By Jeannie Deva
"Jeannie, I have been wondering for a long time how age (and other factors like weight), affect vocal range, tone, etc. I have been reading your email tips for a few months and have held off exploring my voice with professional instruction because I am already in my early 40s. I wonder how age affects the voice and singing. For example: Elton John sings much lower now. Is it because of age, vocal burnout, both? Steve Perry: Listening to albums in the mid-80s his voice, same as others, changed. Was this age, over-use . . .?"
Thanks! David B.
Not Age - Then What?
In the previous blog post about age affecting the voice, Jeannie Deva shared her experience of how her voice actually improved with age. So if it isn’t just aging, then what does cause vocal deterioration? As a person goes through life there are many influences on the body and mind. On the surface it appears as though aging is responsible for a decline in the voice, but actually it is any of the conditions listed below continued over a prolonged period of time.
The Causes of Vocal Deterioration
If we enumerate and investigate the actual causes of vocal deterioration, you can begin to gain some control over your vocal destiny. Remedy any of the following factors that apply to you and aging will not worsen your voice.
- Singing with poor or no vocal technique
- No or inadequate vocal warm-up or vocal cool-down
- Drugs (legal and illegal)
- Regular and excessive alcohol consumption
- The accumulated effect of cigarette smoking
- Performing with deficient or no monitors
- The wrong microphone
- Shouting over your instrumentalists' stage volume
- Emotional stress
- Physical deterioration from poor nutrition, sleep or no exercise
- Accumulated emotional hardship, loss and injury resulting in psychosomatic illness
on January 27, 2017 at 3:35 AM said:I like to think age doesn't equal deterioration too. I like to think my voice is getting stronger, more "me" and technically on it as I get older. As I renew and learn to do what's good for me and the art of not doing (ie. relaxing, being quiet, silence). Let's see! Nice to see you pointing out that self-care is significant and renewal is possible.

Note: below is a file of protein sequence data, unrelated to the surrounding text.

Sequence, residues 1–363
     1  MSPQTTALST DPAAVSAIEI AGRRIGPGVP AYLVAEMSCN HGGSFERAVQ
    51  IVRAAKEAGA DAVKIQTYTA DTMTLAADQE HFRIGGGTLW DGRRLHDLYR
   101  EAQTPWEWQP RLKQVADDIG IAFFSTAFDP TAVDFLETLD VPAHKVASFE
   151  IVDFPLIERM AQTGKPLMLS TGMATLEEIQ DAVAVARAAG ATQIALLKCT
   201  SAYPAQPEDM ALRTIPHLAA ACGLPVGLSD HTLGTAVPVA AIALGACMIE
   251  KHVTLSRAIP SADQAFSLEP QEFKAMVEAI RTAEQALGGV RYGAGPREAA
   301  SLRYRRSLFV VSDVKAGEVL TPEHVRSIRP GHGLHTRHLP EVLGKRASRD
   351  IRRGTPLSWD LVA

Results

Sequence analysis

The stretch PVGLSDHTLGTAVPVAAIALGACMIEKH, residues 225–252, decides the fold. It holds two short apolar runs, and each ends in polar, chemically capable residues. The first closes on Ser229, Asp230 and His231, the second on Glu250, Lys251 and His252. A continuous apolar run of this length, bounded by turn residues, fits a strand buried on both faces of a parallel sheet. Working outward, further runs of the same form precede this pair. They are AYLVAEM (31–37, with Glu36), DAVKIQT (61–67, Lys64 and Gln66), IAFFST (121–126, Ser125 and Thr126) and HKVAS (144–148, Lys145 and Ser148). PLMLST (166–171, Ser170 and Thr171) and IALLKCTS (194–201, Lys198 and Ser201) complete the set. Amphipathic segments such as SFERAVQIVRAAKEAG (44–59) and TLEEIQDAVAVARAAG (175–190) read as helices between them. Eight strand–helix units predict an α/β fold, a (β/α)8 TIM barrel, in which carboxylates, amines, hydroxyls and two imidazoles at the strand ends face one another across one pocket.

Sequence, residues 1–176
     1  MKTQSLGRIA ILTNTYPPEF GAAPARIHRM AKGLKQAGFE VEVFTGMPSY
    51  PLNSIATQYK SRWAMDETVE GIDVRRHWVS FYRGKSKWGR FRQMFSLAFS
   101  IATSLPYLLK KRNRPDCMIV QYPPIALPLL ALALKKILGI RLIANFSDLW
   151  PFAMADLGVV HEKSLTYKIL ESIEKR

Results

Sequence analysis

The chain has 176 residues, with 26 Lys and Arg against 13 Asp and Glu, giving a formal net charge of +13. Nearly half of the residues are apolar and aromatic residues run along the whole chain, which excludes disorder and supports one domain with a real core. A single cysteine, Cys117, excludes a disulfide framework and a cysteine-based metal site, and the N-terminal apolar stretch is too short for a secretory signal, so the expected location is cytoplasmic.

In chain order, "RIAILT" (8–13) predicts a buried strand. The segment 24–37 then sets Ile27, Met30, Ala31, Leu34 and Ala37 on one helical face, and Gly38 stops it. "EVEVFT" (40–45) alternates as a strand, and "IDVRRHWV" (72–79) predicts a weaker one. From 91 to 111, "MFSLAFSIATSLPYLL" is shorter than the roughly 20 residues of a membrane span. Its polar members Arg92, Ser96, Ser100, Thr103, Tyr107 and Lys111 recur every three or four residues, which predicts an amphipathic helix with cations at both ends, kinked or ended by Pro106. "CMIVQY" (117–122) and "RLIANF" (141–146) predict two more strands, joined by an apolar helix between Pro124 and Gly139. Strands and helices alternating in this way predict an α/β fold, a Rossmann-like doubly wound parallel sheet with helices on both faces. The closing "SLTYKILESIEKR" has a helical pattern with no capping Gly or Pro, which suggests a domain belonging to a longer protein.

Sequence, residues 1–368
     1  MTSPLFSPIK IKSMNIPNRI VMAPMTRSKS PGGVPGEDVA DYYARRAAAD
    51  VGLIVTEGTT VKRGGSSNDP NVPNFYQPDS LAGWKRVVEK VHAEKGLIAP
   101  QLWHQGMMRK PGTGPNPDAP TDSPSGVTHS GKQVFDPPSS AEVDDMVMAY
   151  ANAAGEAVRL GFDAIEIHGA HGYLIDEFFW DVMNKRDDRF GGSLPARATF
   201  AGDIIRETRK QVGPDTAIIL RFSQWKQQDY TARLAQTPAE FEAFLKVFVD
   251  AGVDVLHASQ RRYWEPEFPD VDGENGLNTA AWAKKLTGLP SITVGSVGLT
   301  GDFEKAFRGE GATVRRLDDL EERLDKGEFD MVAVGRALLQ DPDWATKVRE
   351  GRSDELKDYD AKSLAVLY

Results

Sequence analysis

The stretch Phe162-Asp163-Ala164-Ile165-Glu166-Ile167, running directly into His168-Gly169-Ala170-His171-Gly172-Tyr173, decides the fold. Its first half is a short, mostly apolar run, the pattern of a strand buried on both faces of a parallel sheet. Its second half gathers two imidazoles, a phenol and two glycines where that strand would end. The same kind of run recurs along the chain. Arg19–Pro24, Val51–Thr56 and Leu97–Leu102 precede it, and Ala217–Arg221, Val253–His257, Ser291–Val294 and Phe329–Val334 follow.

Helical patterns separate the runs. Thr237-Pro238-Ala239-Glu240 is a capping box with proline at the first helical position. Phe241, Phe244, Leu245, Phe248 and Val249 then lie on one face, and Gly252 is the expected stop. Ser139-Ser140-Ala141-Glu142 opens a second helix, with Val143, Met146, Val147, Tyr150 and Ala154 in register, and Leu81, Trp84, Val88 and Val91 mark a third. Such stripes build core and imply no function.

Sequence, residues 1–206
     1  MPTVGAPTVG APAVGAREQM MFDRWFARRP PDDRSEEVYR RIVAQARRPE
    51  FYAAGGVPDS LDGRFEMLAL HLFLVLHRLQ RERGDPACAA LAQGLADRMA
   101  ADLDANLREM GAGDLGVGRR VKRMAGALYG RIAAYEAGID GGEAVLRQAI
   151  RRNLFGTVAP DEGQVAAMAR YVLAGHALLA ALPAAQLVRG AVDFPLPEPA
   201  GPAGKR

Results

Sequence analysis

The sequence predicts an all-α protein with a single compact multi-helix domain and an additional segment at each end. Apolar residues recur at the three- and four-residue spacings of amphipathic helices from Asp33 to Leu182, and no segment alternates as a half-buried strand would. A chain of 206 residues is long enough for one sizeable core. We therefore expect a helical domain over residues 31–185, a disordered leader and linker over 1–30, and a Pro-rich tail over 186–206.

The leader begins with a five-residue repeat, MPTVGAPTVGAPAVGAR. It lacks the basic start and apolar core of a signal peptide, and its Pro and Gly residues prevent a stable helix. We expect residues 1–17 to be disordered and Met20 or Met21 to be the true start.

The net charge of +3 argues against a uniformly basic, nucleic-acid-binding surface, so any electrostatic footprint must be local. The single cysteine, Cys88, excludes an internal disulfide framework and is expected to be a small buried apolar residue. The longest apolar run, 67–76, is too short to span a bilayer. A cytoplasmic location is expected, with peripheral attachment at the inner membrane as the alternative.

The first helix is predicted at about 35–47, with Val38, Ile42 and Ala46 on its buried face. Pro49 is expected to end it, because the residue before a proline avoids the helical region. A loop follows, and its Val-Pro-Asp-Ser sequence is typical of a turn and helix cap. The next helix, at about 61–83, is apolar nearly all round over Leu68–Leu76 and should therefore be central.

on January 27, 2017 at 6:03 AM said:Not heard anything about 'monitors' before, and Not really sure what is inferred by this (eg computer monitors; or monitor as in supervisory staff ?). Can you explain a bit more about that one ?
on January 27, 2017 at 10:31 AM said:Dear Caro C, Jeannie Deva would agree with you heartedly on the importance of self care. Glad to hear you are learning to unstress. Wishing you continued success.
on January 27, 2017 at 10:37 AM said:Ms. P Pieretti, The word monitor has many definitions. In Jeannie's article it means the speakers sitting on the stage facing the performers so they can hear themselves. When the music mix in the monitors isn't done well, the singer can't hear his/her voice over the instrumental music and usually sings too loudly to compensate, thereby straining the voice. Does that make sense?
on February 8, 2017 at 12:16 AM said:I don't do anything like that when recording at home: I always have the amp facing the other way, behind me (in order to reduce feedback)